What is world literature, and why are (some) people saying such bad things about it?
You might think world literature would be easy to define. You might think it should refer to all the literature in the world, past and present. And you might think that the study of world literature — which goes back to the 19th century but has really taken off only in the 21st, with a rapidly growing and impressive body of work — should simply be the analysis of all the literature in the world, past and present.
Yet many specialists in the area are uncomfortable with this approach. After all, we already have a name for all the literature in the world, past and present. That name is: literature. Why coin a new term? One answer is that we’re all, or nearly all, myopic. When we think of literature, we imagine something as circumscribed as our favorite subset of contemporary fiction, written in our own language and often in our own country. Even scholars with broad historical sweep routinely concentrate on a single language or, at most, on literatures in adjacent languages. So there’s something to be said for finding a designation suitable to a broader inquiry.
Still, there’s world literature, and then there’s world literature. This distinction may be understood both structurally and historically. Structurally, we can contrast soft with hard definitions — all the literature in the world versus only that literature involved in global connections. Historically, it’s possible to track a not-quite-linear increase in such planet-wide interactions up to the contemporary connected scene. Hence, where some scholars adopt a then-to-now perspective on the topic, others limit world literature to the period beginning with Columbus, or the Industrial Revolution, or even the post-World War Two era. One might argue, however, that this disagreement doesn’t much matter, as long as we recognize cross-cultural ties of great antiquity as well as the qualitative expansion of such linkages in recent centuries and, above all, in recent decades.
These debates concern definitional precision. But there’s also an objection to the very project of world literature. It has to do with what critics see as the parallels between world literature and globalization. The worry driving these objections is that attention to world literature amounts to de facto acceptance of globalization, together with all its injustices. The major intellectual predecessor to the field of world literature is colonial and post-colonial studies. Still thriving today, that line of inquiry turns on the continuing mistreatment of the poor nations by the rich. Attention to world literature might seem to repudiate this concern, instead positing a level playing field on which all peoples freely interact. Yet the world has changed. Along with increased hierarchy within countries, we find reduced — if still profound — inequality between rich and poor countries, together with a dramatic reduction in extreme poverty across the globe. There ought, then, to be no incompatibility between the two emphases indicated by post-colonialism and world literature. Both are important elements of the contemporary scene.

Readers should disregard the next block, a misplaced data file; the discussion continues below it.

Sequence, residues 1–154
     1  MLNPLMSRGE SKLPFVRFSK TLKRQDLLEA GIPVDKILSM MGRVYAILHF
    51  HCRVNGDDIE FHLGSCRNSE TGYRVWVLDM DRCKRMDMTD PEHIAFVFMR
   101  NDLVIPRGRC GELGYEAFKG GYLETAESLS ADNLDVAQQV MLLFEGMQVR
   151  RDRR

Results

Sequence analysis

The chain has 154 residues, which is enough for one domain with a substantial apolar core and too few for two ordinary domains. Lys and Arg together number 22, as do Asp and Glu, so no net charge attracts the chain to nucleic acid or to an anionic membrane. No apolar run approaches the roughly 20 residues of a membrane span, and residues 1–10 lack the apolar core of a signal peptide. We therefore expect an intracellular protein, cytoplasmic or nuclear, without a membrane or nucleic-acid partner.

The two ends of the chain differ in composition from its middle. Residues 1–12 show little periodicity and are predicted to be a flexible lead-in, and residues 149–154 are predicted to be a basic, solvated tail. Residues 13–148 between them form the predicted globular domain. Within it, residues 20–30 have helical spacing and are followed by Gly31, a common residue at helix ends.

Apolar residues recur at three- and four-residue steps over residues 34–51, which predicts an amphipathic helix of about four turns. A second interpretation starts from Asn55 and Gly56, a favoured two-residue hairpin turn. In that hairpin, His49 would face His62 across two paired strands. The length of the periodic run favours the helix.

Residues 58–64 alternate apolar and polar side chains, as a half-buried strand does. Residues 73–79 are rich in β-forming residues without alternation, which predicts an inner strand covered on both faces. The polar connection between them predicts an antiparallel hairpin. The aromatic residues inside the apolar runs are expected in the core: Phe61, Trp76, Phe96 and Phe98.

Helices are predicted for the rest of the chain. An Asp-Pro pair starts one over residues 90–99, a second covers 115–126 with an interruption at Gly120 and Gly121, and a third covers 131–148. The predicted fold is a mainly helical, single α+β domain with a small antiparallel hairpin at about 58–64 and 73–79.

So much for “world.” What about “literature”? Two points are worth noting here. Discussions of world literature are centered in the English-speaking world, and especially the United States. College and university literature departments there have increasingly broadened their disciplinary purview, with the result that many are now effectively programs in cultural studies. Ironically, then, the opening out implied by world literature coincides with an older emphasis on literature as traditionally understood.
Second, that same US location of world literature means that it is situated in a country with an unusually high indifference to the literature of other nations and, even more, an ignorance of other languages. In this sense, the turn to world literature represents a salutary antidote to monoculturalism and monolingualism. No moral or political guarantees come with a literary curiosity about the experiences of people who display a striking combination of differences from, and similarities to, oneself. But it certainly beats the alternative.
Finally, a good place to start, to get a sense of the remarkable possibilities, is Words without Borders, which since 2003 has, in its own words, promoted “cultural understanding through the translation, publication, and promotion of the finest contemporary international literature.”